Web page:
What Crack Would Jesus Smoke?

I think it’s always a bad move to criticise someone’s position based on the religious creed they profess to follow. When Tony Blair slabbered about things like ‘the true voices of Islam‘, he was taking it upon himself to decide what the true voices of Islam actually were. And who decides that? If it’s a matter of faith, then my faith is just as true as yours. If someone believes that slamming a plane into a tall building is an authentic expression of Islamic values, as many people do, there are no grounds for arguing that it is not. That is, what constitutes an authentic expression of faith is totally subjective. You could point out that most Muslims don’t approve of this sort of thing at all, but that doesn’t take you any closer to resolving the matter of what is authentically Islamic. Sadly for some, in terms of belief, there is nothing truly Islamic, or truly Christian. All there is is a series of contests, which result in things like Ian Paisley having a go at the Pope at the European parliament.

The Coca-Cola man was saying the other night that to exist as a profitable global entity his company had to develop its products in such a way that they were acceptable to every local culture. He didn’t know it at the time, but he was trying to emulate Jesus, who is the master of glocalisation. Jesus would change his brand identity, depending on where he was. He could express a desire for love, social justice and universal harmony in some places, and in others he could approve of genocide while disapproving of sex before marriage. He could be the ultimate avenger, destined to return in a flaming chariot to flay the non-believers, the Jews, the sodomites and the communists. Or he could demand that getting exploited and starved by your masters was all part of his plan for you to take up his cross. Then he could be simply a regular guy, not too judgmental about stuff in general, but tending to favour a free-market approach to the provision of public services.

In some parts of Northern Ireland, like in the residence of the Bishop of Derry, Jesus disapproves of the current system of academic selection. A short distance away, at Lumen Christi College, which plans to introduce its own form of academic selection to replace the 11-plus, he thinks academic selection is a good idea.

“We find nothing inconsistent with Catholic social teaching in offering academic selection,” he said.

Mr Doherty said parental choice was the main motivation behind the school’s decision. “For us the most important single thing is the primacy of parental choice. Catholic teaching clearly establishes that parents are the prime educators of their children. Parents certainly will most dearly protect the interests of their children and her imposition of a one size fits all model will deny that parental choice,” he said.

Like I said before, you are on a hiding to nothing if you try and argue that those at Lumen Christi are wrong and that in truth Jesus doesn’t want academic selection. The best you can do, when confronted with words like these, is try and see what role Jesus is playing this time.

The way I see it, Jesus is playing the role of free marketeer. In education, as with the provision of all public services under neo-liberalism, the corollary of ‘choice’, as referred to by the principal, is competition. The funny thing here is that ‘parental choice’ is nothing of the sort, since a system of academic selection, by definition, has nothing to do with choice made by parents, but with the choice made by the academy.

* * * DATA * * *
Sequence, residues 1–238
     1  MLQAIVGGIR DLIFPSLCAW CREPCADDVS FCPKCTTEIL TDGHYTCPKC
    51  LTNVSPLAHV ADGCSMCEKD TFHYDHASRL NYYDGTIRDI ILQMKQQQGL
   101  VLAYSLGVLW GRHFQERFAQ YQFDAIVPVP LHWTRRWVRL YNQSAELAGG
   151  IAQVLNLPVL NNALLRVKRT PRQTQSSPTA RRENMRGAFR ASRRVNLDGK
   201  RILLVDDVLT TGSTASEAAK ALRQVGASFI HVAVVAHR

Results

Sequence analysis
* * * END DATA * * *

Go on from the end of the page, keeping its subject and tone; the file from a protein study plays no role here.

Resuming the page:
Jesus is also laying down the law here on the separation of sheep from goats. Ontologically speaking, there cannot be academic selection without academic rejection, just as a privilege cannot be a privilege if everyone has it (the mealy-mouthed idea of ‘underprivilege’ is fundamentally ludicrous). Protecting the interests of your children via academic selection then, means destroying the interests of other children through academic rejection. Preserving middle-class privilege means maintaining others at a disadvantage. There is, as the lady said, no alternative. And Jesus, this time, agrees.

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2 Responses to “What Crack Would Jesus Smoke?”


  1. 1 copernicus April 26, 2008 at 1:02 pm

    “Protecting the interests of your children via academic selection then, means destroying the interests of other children through academic rejection.”

    Well exactly – “parental choice” is a classic zero-sum game. Puts a bit of a new twist on “suffer the little children to come unto me” – the children who suffer won’t be the ones who “come unto” Jésus through a selective faith school.

    The term, of course, comes from those people who want a tax rebate for sending their kids to Eton and not “burdening” the public system. They never mentioned the childless getting a tax rebate though. Funny that.

    “choice” joins “meritocracy” in the tawdry lexicon of educational politics. In fact they are two sides of the same coin. The system of “choice” is how you ensure that your meritocracy is nothing of the bloody sort. Heaven forfend!

  2. 2 Hugh Green April 26, 2008 at 1:52 pm

    Don’t get me started on ‘meritocracy’ as it will bring me out in a rash. Briefly, meritocracy means rule by the people who deserve it. So whilst the people who hold power are those who deserve to rule, they are also the people who decide what the criteria for deserving to rule are. ‘Continuously Improving Oligarchy’ might be a useful alternative term.


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